Exploratory Data Analysis — What is it and why is it so important? (Part 1/2)

This is week 3 of my “52 Weeks of Data Science” series.

Terence Shin
Dec 13, 2019 · 6 min read

What is Exploratory Data Analysis?

Exploratory Data Analysis (EDA), also known as Data Exploration, is a step in the Data Analysis Process, where a number of techniques are used to better understand the dataset being used.

‘Understanding the dataset’ can refer to a number of things including but not limited to…

  • Extracting important variables and leaving behind useless variables

Here’s why this is important.

Have you heard of the phrase, “garbage in, garbage out”?

With EDA, it’s more like, “garbage in, perform EDA, possibly garbage out.”

By conducting EDA, you can turn an almost useable dataset into a completely useable dataset. I’m not saying that EDA can magically make any dataset clean — that is not true. However, many EDA techniques can remedy some common problems that are present in every dataset.


Exploratory Data Analysis does two main things:

1. It helps clean up a dataset.

2. It gives you a better understanding of the variables and the relationships between them.


Components of EDA

To me, there are main components of exploring data:

  1. Understanding your variables

In this article, we’ll take a look at the first two components.

1. Understanding Your Variables

You don’t know what you don’t know. And if you don’t know what you don’t know, then how are you supposed to know whether your insights make sense or not? You won’t.

To give an example, I was exploring data provided by the NFL (data here) to see if I could discover any insights regarding variables that increase the likelihood of injury. One insight that I got was that Linebackers accumulated more than eight times as many injuries as Tight Ends. However, I had no idea what the difference between a Linebacker and a Tight End was, and because of this, I didn’t know if my insights made sense or not. Sure, I can Google what the differences between the two are, but I won’t always be able to rely on Google! Now you can see why understanding your data is so important. Let’s see how we can do this in practice.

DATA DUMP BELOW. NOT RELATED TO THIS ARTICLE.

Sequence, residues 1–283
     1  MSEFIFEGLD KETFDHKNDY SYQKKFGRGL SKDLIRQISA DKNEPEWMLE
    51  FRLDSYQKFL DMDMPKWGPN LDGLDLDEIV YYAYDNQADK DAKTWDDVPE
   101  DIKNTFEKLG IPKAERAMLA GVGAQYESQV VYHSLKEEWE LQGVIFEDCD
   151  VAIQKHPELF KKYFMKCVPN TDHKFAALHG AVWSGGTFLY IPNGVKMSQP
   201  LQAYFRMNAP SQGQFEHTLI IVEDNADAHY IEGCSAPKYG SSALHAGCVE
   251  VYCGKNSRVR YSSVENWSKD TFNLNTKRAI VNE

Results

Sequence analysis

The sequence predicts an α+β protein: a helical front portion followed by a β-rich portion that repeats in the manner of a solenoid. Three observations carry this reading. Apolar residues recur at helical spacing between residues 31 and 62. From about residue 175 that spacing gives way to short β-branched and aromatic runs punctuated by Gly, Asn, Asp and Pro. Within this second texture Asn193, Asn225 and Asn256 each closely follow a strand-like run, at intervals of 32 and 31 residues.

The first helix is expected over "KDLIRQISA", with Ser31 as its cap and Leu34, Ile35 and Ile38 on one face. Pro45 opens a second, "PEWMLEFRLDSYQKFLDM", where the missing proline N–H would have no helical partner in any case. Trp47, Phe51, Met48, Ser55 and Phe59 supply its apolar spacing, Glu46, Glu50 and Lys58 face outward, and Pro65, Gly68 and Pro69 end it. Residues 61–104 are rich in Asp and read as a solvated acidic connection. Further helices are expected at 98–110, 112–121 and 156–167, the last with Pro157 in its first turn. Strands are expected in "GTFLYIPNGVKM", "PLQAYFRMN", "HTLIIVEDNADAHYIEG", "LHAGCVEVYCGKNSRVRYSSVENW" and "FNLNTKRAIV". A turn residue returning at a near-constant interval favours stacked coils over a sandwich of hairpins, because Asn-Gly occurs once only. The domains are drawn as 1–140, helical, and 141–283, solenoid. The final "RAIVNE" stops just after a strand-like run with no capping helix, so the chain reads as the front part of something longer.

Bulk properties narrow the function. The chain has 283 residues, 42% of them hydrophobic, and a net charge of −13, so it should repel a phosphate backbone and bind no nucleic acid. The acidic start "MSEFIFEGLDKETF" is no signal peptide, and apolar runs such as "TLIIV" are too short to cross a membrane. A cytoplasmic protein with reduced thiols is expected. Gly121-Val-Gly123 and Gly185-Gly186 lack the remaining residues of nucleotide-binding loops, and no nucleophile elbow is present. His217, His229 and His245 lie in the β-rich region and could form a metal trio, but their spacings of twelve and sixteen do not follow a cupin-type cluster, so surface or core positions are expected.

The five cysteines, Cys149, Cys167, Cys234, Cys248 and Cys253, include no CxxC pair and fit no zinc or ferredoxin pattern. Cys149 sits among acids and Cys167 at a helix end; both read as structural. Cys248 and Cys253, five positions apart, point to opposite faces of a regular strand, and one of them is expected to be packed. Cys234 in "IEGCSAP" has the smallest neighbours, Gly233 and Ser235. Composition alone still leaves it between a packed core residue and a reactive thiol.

As an example, I used the same dataset that I used to create my first Random Forest model, the Used Car Dataset here. First, I imported all of the libraries that I knew I’d need for my analysis and conducted some preliminary analyses.

#Import Libraries
import numpy as np
import pandas as pd
import matplotlib.pylab as plt
import seaborn as sns
#Understanding my variables
df.shape
df.head()
df.columns

.shape returns the number of rows by the number of columns for my dataset. My output was (525839, 22), meaning the dataset has 525839 rows and 22 columns.

.head() returns the first 5 rows of my dataset. This is useful if you want to see some example values for each variable.

.columns returns the name of all of your columns in the dataset.

df.columns output

Once I knew all of the variables in the dataset, I wanted to get a better understanding of the different values for each variable.

df.nunique(axis=0)
df.describe().apply(lambda s: s.apply(lambda x: format(x, 'f')))

.nunique(axis=0) returns the number of unique values for each variable.

.describe() summarizes the count, mean, standard deviation, min, and max for numeric variables. The code that follows this simply formats each row to the regular format and suppresses scientific notation (see here).

df.nunique(axis=0) output
df.describe().apply(lambda s: s.apply(lambda x: format(x, ‘f’))) output

Immediately, I noticed an issue with price, year, and odometer. For example, the minimum and maximum price are $0.00 and $3,048,344,231.00 respectively. You’ll see how I dealt with this in the next section. I still wanted to get a better understanding of my discrete variables.